Sew both sides of the rectangle leaving approx. 5 cm for your thumb… Et voila:

DIY: Woolen mittens & Snood

And you, how do you use your leftover yarn?

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My first sewing machine experience: Recycled shopping bag

Before I was…. ?

I have always liked collecting old stuff and giving them a “second-life”. I think that we buy and throw out  too many things and I always try to repair or reinvent objects.

My Sewing machine – Also on the picture: vintage wooden reels bought at the Dublin Flea Market

Following some initial clothing projects, I started to think more and more about buying a sewing machine. I did some online search and finally came across a Brother sewing machine from the 90’s that I bought for €30. As I had no experience with sewing machines before I bought that one, I struggled a bit but I am finally there… (a big thanks to my Mum ;)).

For my first project, I decided to create a grocery bag reusing some materials that I already had i.e. a busted umbrella; an old t-shirt and some nice paper shopping bag handles.

I like collecting nice paper shopping bag handles and ribbons – They are just so easy to reuse!


1) Remove the umbrella fabric from the frame. Iron it on a low setting.

2) I mainly used “Wisdom of the Moon”  pattern to make this bag. However, I also lined it using an old t-shirt and used nice paper shopping bag handles to make the handles.

Et voila…

Busted umbrella fabric are perfect to make shopping bags as you can also reuse the umbrella pouch to rull up your bag and stuff it in it.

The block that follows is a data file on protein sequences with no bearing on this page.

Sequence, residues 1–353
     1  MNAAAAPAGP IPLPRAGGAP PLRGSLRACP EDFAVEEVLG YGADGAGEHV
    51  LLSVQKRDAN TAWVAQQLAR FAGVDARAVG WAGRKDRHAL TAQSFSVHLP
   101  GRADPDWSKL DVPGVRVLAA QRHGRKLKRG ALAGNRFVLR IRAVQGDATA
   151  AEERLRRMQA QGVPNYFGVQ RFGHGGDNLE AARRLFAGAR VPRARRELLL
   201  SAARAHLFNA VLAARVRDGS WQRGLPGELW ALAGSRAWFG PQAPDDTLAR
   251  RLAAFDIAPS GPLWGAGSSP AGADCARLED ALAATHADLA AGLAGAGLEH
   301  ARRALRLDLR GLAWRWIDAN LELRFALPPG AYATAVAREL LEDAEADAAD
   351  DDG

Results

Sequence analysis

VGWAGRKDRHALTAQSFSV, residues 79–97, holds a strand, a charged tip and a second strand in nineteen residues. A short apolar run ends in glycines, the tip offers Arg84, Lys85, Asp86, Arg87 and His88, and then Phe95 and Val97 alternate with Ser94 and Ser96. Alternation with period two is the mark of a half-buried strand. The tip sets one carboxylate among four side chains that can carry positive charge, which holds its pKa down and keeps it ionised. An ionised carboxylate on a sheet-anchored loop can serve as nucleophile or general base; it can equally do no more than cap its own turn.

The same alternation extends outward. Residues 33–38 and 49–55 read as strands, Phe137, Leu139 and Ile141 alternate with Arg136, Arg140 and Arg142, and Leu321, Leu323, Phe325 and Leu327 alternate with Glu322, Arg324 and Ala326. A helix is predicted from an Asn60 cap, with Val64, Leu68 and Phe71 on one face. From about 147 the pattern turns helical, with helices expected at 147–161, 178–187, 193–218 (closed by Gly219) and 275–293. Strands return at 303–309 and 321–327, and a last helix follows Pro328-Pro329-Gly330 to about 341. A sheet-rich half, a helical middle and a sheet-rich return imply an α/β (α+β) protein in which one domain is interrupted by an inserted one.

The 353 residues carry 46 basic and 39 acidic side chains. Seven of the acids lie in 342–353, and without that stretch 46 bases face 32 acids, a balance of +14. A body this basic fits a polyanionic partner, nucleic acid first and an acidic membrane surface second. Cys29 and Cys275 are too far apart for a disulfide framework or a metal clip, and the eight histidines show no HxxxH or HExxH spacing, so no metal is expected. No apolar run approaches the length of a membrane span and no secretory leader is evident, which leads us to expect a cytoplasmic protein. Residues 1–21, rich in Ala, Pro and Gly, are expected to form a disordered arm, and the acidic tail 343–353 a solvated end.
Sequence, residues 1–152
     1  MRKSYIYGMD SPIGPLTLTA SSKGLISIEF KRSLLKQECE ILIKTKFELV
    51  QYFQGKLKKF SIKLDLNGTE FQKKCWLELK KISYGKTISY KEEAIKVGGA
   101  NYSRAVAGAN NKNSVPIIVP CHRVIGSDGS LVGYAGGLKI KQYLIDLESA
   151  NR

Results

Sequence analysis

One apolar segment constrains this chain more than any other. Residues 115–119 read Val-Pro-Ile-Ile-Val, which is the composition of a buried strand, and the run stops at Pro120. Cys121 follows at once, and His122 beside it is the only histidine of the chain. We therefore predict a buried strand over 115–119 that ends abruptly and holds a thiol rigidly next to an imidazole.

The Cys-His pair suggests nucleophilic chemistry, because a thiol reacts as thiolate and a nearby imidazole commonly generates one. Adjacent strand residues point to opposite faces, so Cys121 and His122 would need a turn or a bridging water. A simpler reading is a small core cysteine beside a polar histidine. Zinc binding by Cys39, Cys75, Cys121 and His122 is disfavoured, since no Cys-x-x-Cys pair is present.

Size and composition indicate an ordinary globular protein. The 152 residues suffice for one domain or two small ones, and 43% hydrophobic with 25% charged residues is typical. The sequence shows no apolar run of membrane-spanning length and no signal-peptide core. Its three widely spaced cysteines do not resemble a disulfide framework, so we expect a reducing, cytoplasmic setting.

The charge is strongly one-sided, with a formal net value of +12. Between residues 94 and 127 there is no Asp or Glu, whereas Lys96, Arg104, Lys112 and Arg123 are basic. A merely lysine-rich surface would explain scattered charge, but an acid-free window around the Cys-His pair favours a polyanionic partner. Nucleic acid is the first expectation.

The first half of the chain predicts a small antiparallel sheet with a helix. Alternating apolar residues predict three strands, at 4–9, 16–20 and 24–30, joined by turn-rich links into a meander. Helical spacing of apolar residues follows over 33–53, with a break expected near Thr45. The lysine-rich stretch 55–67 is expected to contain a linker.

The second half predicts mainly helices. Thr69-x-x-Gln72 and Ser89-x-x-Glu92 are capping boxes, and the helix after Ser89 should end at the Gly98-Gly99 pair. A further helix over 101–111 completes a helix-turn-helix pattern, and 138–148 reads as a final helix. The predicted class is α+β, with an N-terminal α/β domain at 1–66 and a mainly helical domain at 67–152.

I now have a new free, recycled and waterproof bag 😉

Note: I am working on a second recycled shopping bag and hope to have it finish by the end of the month. I can’t wait to show it to you.

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Lentil/Mushroom pâté

Just a quick post to introduce you to a new recipe that I have tested this week: Lentil / Mushroom pâté. It makes a perfect starter served with a salad. Enjoy!

Ingredients (Pate)

200 grams of green lentils

500 grams of mushrooms

2 onions

5 garlic cloves

chopped persley (2 table spoons)

olive oil (2 table spoons)

a pinch of thyme

plain flour


  • Cook the lentils till tender
  • Chopped the onions and 1/2 of the mushrooms i.e. 250 grams
  • In a saucepan, heat the olive oil over medium heat. When warm, add the onions & the mushrooms (chopped and unchopped).
  • Mash the lentils with a fork and add it to the mushrooms and onions
  • Add the chopped garlic cloves, parsley, thyme and two table spoons of olive oil
  • Season with salt & pepper. Add some flour to obtain a thick dough.
  • Pour the dough into a tin and add some bread crumbs at the top
  • Bake it for 45 min. (180 degrees)
  • Serve it cold with a seasonal salad. Bon appetit!

Vintage Moulinex Coffee Grinder

Tip: Coffee grinders are perfect to grind bread crumbs (and seeds).

I got mine for €12 at the Dublin flea market and it’s one of my best buy of the year. A lovely Moulinex coffee grinders from the 70’s – still working perfectly fine! My grandma had exactly the same and I just couldn’t resist…